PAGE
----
Instead, the tools we use for process definition, as well as the tools we use for CM/ALM functions themselves, must be easily customized to speak our language.  Process definition has common components across projects.  So do CM/ALM functions.  Let's then create an environment and dictionary of common terminology and real-world actions that will help us to standardize while at the same time will give us the leverage to customize.  And let's use tools that help to document the process and provide process guidance without us having to write detailed process documentation that will end up on a shelf somewhere.

The third key to unlocking the puzzle is to approach process and tools from a role perspective.  It's fine to specify the state flows for the various objects in the repository, but if we can't view these from a role perspective then the learning curve skyrockets, and user rejection of process increases.  Process definitions and tool interfaces must be role centric.  Ideally, processes can be described fully and tagged appropriately so that role-based descriptions result from a central process definition repository.  Similarly, although tool components, especially menus, to-do lists, dashboards and work stations can be defined in such a way as to provide a wealth of generic capabilities, they must also be appropriately tagged so that the proper components and information appear for each role.

Use the Plan to Achieve Your Goal
A CM Plan can be a top level document that then fans out into a number of how-to guides, strategy documents and other such process guides.  But ideally, we want a plan that can go right from the overview to the tool, with very little training in between.  Achieving this goal means:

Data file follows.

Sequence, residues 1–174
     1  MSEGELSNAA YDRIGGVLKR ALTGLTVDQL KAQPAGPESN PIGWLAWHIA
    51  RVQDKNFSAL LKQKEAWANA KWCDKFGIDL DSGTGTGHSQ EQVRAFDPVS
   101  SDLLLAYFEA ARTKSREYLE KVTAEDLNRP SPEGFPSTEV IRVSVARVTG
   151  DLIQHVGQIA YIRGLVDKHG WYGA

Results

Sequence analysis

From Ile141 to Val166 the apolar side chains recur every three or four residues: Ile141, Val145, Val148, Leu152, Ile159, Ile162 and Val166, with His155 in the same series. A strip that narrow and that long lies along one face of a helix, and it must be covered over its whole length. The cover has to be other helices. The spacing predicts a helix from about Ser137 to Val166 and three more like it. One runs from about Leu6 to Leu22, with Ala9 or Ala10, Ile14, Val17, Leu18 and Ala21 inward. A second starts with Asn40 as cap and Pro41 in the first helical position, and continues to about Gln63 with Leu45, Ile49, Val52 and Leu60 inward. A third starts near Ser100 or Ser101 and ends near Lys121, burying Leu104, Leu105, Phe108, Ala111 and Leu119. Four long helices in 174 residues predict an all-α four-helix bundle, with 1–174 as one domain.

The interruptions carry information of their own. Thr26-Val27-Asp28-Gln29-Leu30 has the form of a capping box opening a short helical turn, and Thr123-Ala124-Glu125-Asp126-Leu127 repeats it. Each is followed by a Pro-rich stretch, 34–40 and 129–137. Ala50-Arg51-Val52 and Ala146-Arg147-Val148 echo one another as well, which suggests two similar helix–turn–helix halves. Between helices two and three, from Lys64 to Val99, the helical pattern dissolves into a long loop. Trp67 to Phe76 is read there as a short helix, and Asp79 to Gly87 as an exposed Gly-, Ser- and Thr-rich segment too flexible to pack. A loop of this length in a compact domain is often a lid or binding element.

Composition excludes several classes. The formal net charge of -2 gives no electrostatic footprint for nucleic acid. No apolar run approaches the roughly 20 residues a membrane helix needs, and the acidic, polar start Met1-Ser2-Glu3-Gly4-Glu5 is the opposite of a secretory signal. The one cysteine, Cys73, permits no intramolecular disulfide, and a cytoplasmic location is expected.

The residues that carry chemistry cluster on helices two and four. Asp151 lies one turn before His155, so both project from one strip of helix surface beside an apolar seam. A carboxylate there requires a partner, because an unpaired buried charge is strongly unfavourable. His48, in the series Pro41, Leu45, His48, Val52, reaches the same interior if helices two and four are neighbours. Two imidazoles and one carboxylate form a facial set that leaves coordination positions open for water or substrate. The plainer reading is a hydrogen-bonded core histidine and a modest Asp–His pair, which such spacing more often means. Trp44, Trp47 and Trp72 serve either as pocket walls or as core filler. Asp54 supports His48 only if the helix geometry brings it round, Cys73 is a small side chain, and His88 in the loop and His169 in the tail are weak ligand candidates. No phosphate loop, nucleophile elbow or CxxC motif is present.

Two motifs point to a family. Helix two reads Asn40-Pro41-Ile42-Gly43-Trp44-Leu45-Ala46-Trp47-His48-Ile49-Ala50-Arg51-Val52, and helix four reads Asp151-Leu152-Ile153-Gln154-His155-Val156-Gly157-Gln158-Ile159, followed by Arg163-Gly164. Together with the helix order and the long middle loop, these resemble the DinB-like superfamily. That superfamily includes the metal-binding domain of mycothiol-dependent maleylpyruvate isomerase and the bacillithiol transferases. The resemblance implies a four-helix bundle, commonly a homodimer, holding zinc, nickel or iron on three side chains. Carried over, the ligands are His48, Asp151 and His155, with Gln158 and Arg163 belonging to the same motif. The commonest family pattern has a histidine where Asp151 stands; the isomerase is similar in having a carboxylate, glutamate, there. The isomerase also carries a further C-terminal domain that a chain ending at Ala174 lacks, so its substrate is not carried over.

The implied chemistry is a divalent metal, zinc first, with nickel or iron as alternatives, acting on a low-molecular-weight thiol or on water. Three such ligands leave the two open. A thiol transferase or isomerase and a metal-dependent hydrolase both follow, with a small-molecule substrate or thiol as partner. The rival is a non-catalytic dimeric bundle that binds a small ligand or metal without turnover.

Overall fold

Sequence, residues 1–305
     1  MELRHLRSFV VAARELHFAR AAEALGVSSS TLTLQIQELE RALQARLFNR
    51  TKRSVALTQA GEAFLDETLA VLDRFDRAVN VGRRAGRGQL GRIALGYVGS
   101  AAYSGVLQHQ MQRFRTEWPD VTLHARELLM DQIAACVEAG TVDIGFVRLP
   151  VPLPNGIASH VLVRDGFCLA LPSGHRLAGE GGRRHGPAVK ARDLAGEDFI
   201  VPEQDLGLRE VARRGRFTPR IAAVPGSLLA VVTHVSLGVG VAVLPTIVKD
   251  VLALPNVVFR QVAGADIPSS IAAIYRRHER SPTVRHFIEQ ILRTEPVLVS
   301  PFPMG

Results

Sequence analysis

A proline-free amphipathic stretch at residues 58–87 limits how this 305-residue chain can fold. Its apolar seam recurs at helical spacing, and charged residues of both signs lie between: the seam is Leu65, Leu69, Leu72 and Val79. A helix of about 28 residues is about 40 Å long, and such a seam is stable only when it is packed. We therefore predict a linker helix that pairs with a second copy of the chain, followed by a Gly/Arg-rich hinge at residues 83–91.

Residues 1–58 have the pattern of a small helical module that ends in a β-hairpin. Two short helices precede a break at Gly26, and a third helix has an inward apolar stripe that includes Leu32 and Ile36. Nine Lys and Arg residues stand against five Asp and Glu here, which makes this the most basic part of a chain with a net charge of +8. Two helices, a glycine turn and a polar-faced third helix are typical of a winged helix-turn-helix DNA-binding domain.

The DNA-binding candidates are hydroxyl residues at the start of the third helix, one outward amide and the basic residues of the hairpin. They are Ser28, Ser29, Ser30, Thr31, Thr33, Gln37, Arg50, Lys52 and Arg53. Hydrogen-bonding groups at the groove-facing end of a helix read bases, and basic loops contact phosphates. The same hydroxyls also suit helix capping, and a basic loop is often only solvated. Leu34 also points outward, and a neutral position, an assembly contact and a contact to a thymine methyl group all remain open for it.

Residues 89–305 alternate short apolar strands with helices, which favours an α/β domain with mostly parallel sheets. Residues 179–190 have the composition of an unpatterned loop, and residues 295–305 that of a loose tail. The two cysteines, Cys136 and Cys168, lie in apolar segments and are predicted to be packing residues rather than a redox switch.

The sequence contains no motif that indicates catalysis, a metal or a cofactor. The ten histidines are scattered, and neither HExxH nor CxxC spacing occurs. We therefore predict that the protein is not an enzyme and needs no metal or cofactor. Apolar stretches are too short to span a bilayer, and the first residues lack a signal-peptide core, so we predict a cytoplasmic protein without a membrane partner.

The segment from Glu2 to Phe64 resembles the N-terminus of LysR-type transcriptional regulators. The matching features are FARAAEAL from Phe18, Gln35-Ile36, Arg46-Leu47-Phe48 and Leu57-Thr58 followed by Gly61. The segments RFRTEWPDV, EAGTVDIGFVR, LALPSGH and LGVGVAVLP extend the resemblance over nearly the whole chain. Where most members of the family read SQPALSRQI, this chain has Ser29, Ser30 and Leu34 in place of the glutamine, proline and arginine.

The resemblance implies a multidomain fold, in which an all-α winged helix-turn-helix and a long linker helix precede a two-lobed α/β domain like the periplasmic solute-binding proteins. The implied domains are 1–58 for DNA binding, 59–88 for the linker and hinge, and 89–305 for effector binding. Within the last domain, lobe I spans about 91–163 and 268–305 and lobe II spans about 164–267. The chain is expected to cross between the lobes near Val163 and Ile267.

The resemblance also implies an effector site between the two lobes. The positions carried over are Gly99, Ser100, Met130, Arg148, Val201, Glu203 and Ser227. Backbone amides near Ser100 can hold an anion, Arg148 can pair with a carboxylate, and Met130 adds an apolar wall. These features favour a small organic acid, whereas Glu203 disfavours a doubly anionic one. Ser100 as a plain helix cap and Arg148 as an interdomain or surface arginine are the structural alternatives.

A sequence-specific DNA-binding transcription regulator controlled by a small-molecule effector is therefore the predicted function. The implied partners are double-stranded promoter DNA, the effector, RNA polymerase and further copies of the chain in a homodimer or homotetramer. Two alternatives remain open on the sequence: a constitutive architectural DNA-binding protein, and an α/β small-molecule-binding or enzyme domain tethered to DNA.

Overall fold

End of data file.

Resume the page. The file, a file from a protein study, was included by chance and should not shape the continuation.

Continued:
• Ensuring that the process is natural and straight-forward
  • Working to establish generic frameworks for process that are well known in the industry
  • Identifying and using tools that are process-centric and that support adequate customization
  • Integrating role-specific process guidance into the tools being used

Moving into the next generation of CM/ALM tools, recognize that process support and easy-to-use customization capabilities are a must.  Don't sell yourself short by buying into technology just because you have the expertise on hand to support a particular tool.  If anything, the fact that you need such expertise should raise an alarm.  The desired expertise is on process, not tools.  If the tools can't support the process or provide too complex or costly a customization path, look elsewhere.  There are CM/ALM tools out there today that meet these reqiurements.  As data management and ALM functionality converge with process engines, there will be an increasingly rich set of choices.

Write your CM Plan.  Review it with a view to simplifying your development organization by using newer methods and better processes.  Are there areas of uncertainty on how to bridge the gap between the plan and the development team?  What about between the plan and the tools?  Work the plan, work the technology, and use team input until the uncertainty shrinks into clarity.  Use CM Crossroads and tool vendors as your resources.  Ask not how you can write a CM Plan, but how your CM Plan can be used to drive your process and tool goals. 

To everyone who reads my column, thank you for your support throughout the year.  We end 2008 in turmoil, but really, it is our job to help to streamline our organizations.  This is done not only by providing better CM/ALM, but also by presenting a model of operation and improvement that can be used by the rest of the organization.  CM/ALM is a backbone technology and the underlying next generation technology will reach well into all aspects of the organization.  Have a Merry Christmas, a Happy Hannukah, and a prosperous year ahead!